Puget Sound Naval Shipyard and Intermediate Maintenance Facility

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Puget Sound Naval Shipyard
Aerial Bremerton Shipyard November 2012.jpg
Four decommissioned aircraft carriers docked at the shipyard. From left: the Independence, Kitty Hawk, Constellation, and Ranger.
Puget Sound Naval Shipyard and Intermediate Maintenance Facility is located in Washington (state)
Puget Sound Naval Shipyard and Intermediate Maintenance Facility
Location N shore of Sinclair Inlet, Bremerton, WA
Coordinates 47°33′31″N 122°38′39″W / 47.5585°N 122.6442°W / 47.5585; -122.6442Coordinates: 47°33′31″N 122°38′39″W / 47.5585°N 122.6442°W / 47.5585; -122.6442
Architect US Navy
Governing body DEPARTMENT OF THE NAVY
NRHP Reference # 92001883
Significant dates
Added to NRHP August 27, 1992[1]
Designated NHLD August 27, 1992[2]
Puget Sound Naval Shipyard and Intermediate Maintenance Facility
Puget Sound, Washington
Type Shipyard
Site information
Controlled by United States Navy
Site history
Built 1891
In use 1891–present

Puget Sound Naval Shipyard and Intermediate Maintenance Facility (PSNS & IMF) is a United States Navy shipyard covering 179 acres (0.7 km²) on Puget Sound at Bremerton, Washington. Historically it was known as Navy Yard Puget Sound, Bremerton Navy Yard, and Puget Sound Naval Shipyard.

It is bordered on the south by Sinclair Inlet, on the west by the Bremerton Annex of Naval Base Kitsap, and on the north and east by the city of Bremerton, Washington. It is the Pacific Northwest's largest naval shore facility and one of Washington state's largest industrial installations. PSNS & IMF provides the Navy with maintenance, modernization, and technical and logistics support.

History[edit]

Puget Sound Naval Shipyard was established in 1891 as a Naval Station and was designated Navy Yard Puget Sound in 1901. During World War I, the Navy Yard constructed ships, including 25 subchasers, seven submarines, two minesweepers, seven seagoing tugs, and two ammunition ships, as well as 1,700 small boats. During World War II, the shipyard's primary effort was the repair of battle damage to ships of the U.S. fleet and those of its allies.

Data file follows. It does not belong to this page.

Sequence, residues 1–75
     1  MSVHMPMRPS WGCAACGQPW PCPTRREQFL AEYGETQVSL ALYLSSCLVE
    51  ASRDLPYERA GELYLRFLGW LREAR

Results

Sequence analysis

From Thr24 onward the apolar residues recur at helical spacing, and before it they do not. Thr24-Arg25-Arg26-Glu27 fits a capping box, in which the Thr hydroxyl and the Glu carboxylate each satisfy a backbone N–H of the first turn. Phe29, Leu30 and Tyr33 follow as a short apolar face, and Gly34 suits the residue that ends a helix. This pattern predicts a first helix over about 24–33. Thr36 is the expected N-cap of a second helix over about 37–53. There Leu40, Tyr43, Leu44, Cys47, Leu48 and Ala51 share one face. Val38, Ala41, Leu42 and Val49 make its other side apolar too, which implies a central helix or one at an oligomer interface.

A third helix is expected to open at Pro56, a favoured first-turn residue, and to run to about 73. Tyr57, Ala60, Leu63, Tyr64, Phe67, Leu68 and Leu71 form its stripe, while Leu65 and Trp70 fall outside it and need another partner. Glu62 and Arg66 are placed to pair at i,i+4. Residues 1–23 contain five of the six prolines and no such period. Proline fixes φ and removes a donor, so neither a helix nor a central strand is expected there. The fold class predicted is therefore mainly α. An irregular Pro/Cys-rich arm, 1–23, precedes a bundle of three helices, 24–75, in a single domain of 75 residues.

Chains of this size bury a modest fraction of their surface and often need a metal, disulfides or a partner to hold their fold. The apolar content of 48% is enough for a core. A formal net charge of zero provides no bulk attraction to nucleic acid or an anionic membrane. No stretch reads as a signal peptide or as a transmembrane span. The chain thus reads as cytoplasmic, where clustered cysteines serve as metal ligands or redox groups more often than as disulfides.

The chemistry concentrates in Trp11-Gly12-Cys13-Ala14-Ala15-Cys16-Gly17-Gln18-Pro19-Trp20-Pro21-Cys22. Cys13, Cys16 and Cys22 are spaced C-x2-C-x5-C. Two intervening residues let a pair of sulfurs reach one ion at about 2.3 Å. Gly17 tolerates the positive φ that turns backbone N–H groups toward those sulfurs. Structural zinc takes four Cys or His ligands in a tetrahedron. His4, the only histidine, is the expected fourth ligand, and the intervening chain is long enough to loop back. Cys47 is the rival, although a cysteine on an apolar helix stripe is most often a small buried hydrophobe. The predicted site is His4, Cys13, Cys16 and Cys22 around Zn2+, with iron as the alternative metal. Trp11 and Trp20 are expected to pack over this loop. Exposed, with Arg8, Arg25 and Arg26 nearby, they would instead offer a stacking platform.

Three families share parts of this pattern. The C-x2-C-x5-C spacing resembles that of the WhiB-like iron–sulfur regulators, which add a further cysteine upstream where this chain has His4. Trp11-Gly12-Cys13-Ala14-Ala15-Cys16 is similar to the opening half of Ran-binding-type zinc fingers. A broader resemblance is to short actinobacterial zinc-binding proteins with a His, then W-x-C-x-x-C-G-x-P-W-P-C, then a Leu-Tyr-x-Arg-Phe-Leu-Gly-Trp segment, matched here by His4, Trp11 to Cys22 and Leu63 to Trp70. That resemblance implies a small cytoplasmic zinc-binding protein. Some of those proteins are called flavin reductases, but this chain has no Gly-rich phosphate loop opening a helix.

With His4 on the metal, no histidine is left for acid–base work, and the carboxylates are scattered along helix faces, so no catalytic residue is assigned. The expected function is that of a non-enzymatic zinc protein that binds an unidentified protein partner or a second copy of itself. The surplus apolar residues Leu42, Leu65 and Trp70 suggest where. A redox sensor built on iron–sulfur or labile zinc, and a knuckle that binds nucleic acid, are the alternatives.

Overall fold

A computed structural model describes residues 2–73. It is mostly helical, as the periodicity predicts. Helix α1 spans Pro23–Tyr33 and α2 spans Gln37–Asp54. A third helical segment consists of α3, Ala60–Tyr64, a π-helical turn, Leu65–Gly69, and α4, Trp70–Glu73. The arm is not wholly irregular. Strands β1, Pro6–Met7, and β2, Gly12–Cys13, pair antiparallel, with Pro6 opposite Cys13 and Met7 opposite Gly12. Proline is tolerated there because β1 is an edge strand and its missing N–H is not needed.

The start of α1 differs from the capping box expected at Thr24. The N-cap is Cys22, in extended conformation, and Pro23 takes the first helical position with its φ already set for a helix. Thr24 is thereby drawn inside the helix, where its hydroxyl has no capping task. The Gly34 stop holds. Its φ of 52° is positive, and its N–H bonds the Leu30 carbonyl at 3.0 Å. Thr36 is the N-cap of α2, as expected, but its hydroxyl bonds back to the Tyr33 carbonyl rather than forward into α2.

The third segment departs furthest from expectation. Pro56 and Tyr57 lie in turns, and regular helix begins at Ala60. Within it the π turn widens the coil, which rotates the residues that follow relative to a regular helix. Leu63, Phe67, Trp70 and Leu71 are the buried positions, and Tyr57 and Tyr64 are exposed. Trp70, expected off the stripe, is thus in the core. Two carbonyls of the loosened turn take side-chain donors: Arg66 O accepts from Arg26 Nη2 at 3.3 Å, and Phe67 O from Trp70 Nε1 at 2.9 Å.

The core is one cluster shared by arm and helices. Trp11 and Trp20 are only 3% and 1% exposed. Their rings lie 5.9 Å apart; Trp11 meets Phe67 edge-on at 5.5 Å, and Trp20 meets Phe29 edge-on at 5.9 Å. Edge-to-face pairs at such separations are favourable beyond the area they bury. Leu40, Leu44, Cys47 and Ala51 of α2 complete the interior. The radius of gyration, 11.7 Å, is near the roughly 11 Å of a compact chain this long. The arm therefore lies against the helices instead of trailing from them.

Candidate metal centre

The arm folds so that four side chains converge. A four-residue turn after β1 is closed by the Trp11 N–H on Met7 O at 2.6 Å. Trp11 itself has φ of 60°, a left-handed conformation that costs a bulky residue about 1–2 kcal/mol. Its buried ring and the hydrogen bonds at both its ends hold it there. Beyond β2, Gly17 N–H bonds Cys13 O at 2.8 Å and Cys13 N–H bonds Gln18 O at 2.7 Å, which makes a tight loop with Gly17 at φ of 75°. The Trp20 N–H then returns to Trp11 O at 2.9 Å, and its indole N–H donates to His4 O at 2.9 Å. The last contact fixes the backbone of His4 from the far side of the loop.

Following World War II, Navy Yard Puget Sound was designated Puget Sound Naval Shipyard. It engaged in an extensive program of modernizing carriers, including converting conventional flight decks to angle decks. During the Korean War, the shipyard was engaged in the activation of ships. In the late 1950s, it entered an era of new construction with the building of a new class of guided missile frigates. In 1965, USS Sculpin (SSN 590) became the first nuclear-powered submarine to be maintained at PSNS. The shipyard was designated a National Historic Landmark in 1992.[2][3] The historic district includes 22 contributing buildings and 42 contributing structures, as well as 49 non-contributing buildings, structures, and objects.[3]

Installations[edit]

Perhaps the most visible feature of the shipyard is its huge green hammerhead crane, built in 1933. The PSNS hammerhead crane is 250 feet (76 m) tall and 80 feet (24 m) wide with a lifting capacity of 250 tons. The hammerhead crane has not been used for many years.

Ship-Submarine Recycling Program[edit]

In 1990 the Navy authorized the Ship-Submarine Recycling Program (SRP) to recycle nuclear-powered ships at PSNS. Approximately 25% of the shipyard's workload involves inactivation, reactor compartment disposal, and recycling of ships. It has pioneered an environmentally safe method of deactivating and recycling nuclear-powered ships. This process places the U.S. Navy in the role of being the world's only organization to design, build, operate, and recycle nuclear-powered ships. On May 15, 2003 PSNS and IMF were consolidated into what is now known as PSNS & IMF.

Mothball Fleet[edit]

The shipyard also contains a portion of the United States Navy reserve fleet, a large collection of inactive U.S. Navy vessels, including four aircraft carriers: the USS Independence (CV-62), the USS Constellation (CV-64), the USS Ranger (CV-61) and the USS Kitty Hawk (CV-63). The ships are mothballed, meaning that they are stored in case they are needed by the Navy in the future.

Gallery[edit]

See also[edit]

Notes[edit]

  1. ^ "National Register Information System". National Register of Historic Places. National Park Service. 2007-01-23. 
  2. ^ a b "Puget Sound Naval Shipyard". National Historic Landmark summary listing. National Park Service. Retrieved 2008-04-12. 
  3. ^ a b Erwin N. Thompson and Ben Levy (December 20, 1990). National Register of Historic Places Registration: Navy Yard Puget Sound / Bremerton Navy Yard; Puget Sound Naval Shipyard (PDF). National Park Service. Retrieved 2009-05-03.  and Accompanying 17 photos, from 1985 and 1991 PDF (3.71 MB)

External links[edit]